Norman Conquest of 1066. The Husay family lived in Kent. Their name, however, generally derives from the name of the area of Houssaye in the Seine-Maritime region of Normandy. Another equally valid but less common derivation shows that some in some cases the name finds its roots in the word hussey, which was a Old English nickname for a woman who was the head of her own household. Although this word has since become an insult, no such pejorative connotations existed until the 17th century.
Early Origins of the Husay family
Kent. Of particular interest is that two sources, a visitation of Dorset in 1623 and a manuscript in ancient French said to have been in the Abbey of Glastonbury at its dissolution, both mention Hubert Husse, a Norman noble who married Countess Helen, daughter of Richard the 5th Duke of Normandy. Both mention he accompanied William the Conqueror to England and was granted the office of High Constable together with considerable possessions for his efforts during the Conquest. CITATION[CLOSE]
Burke, John Bernard, The Roll of Battle Abbey. London: Edward Churton, 26, Holles Street, 1848, Print. Little Wyrley in Staffordshire was also another ancient family seat. " Wyrley Grove is the ancient seat of the Husseys, who obtained it in marriage with the heiress of the family of Fowke: the mansion stands at the head of a fine lawn, and is a noble and picturesque specimen of ancient architecture." CITATION[CLOSE]
Lewis, Samuel, A Topographical Dictionary of England. Institute of Historical Research, 1848, Print.
Early History of the Husay family
Another 205 words (15 lines of text) covering the years 1180, 1265, 1332, 1295, 1585, 1648, 1640, 1641, 1640, 1641, 1597, 1657, 1645, 1656, 1626, 1664, 1656, 1664, 1642, 1691 and 1294 are included under the topic Early Husay History in all our PDF Extended History products and printed products wherever possible.
Husay Spelling Variations
spelling variations. This is largely due to the fact that Old and Middle English lacked any spelling rules when Norman French was introduced in the 11th century. The languages of the English courts at that time were French and Latin. These various languages mixed quite freely in the evolving social milieu. The final element of this mix is that medieval scribes spelled words according to their sounds rather than any definite rules, so a name was often spelled in as many different ways as the number of documents it appeared in. The name was spelled Hussey, Houssey, Huzzy, Huzzey and others.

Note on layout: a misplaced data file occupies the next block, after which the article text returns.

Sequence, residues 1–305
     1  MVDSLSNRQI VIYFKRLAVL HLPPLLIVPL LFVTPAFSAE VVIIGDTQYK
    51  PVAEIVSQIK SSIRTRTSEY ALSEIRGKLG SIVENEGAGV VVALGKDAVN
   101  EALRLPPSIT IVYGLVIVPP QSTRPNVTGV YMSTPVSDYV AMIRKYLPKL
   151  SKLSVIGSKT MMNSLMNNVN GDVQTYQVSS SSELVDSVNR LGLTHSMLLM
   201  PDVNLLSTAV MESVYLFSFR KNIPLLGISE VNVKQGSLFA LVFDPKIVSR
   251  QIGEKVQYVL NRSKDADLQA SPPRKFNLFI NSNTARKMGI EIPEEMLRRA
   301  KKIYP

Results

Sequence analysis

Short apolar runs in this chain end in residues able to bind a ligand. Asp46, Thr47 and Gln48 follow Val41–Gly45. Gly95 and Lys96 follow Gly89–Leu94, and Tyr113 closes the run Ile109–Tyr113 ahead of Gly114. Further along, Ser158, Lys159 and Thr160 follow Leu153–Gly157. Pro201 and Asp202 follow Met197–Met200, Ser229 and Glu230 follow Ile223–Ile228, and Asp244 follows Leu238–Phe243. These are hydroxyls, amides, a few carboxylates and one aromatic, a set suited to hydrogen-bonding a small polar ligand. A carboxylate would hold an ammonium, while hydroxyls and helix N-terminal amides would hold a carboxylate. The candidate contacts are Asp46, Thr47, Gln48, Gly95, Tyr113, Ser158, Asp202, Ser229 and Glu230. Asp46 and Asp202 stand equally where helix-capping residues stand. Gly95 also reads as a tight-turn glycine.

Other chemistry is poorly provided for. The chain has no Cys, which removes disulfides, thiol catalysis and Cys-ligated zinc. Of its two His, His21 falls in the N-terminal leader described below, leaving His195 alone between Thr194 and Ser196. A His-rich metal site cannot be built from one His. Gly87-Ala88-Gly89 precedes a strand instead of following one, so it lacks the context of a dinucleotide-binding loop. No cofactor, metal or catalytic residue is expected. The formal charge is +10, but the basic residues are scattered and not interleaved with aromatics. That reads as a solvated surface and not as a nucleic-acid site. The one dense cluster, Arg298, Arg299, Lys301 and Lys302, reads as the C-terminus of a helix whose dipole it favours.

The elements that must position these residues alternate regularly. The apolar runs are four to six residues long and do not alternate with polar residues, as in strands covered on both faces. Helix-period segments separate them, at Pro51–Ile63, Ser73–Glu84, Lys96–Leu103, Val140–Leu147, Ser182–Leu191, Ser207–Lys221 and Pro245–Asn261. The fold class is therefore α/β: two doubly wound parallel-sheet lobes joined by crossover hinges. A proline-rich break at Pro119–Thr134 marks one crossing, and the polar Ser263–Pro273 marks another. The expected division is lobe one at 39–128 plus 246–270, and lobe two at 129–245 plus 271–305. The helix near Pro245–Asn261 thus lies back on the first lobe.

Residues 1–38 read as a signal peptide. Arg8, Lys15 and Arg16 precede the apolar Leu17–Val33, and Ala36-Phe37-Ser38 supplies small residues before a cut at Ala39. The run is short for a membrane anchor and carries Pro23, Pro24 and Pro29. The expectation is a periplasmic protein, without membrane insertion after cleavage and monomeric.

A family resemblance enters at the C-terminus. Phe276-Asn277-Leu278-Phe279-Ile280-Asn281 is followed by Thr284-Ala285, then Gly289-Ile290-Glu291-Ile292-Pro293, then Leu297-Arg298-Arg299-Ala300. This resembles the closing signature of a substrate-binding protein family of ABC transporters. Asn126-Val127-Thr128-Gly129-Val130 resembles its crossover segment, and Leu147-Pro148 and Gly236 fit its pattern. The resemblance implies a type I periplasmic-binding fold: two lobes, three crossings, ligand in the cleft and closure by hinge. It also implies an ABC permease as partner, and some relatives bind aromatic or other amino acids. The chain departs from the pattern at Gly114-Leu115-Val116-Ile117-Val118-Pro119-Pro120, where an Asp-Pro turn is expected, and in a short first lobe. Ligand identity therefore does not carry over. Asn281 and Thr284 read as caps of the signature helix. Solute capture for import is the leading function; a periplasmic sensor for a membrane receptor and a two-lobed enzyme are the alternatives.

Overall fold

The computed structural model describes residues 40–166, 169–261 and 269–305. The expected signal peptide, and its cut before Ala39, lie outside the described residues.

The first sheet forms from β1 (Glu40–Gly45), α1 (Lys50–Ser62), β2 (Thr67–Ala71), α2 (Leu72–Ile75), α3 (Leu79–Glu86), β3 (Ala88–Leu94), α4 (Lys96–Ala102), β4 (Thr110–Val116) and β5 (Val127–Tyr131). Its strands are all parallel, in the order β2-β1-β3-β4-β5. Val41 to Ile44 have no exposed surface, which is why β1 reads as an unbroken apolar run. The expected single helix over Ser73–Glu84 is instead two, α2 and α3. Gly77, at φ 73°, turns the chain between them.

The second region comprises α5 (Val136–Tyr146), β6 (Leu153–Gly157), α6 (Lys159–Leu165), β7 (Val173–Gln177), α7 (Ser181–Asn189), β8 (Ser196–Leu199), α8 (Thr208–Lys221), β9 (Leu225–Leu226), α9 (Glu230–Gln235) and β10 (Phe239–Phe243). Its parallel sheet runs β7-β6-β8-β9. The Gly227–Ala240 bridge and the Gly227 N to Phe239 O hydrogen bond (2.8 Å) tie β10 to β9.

Early Notables of the Husay family (pre 1700)
Surrey and Sussex, created 1st Baron Hussey in 1295; Sir Edward Hussey, 1st Baronet (1585-1648) was an English politician who sat in the House of Commons of England in 1640, supporter of the Royalist side in the English...
Another 66 words (5 lines of text) are included under the topic Early Husay Notables in all our PDF Extended History products and printed products wherever possible.
Migration of the Husay family to Ireland
Some of the Husay family moved to Ireland, but this topic is not covered in this excerpt.
Another 59 words (4 lines of text) about their life in Ireland is included in all our PDF Extended History products and printed products wherever possible.
Migration of the Husay family to the New World and Oceana
Because of the political and religious discontent in England, families began to migrate abroad in enormous numbers. Faced with persecution and starvation at home, the open frontiers and generally less oppressive social environment of the New World seemed tantalizing indeed to many English people. The trip was difficult, and not all made it unscathed, but many of those who did get to Canada and the United States made important contributions to the young nations in which they settled. Some of the first North American settlers with Husay name or one of its variants: Stephen Hussey and his wife Theodate, who settled in Boston in 1632; Christopher Hussey, who settled in Boston in 1632; David Hussey, who came to Virginia in 1648.
Husay Family Crest Products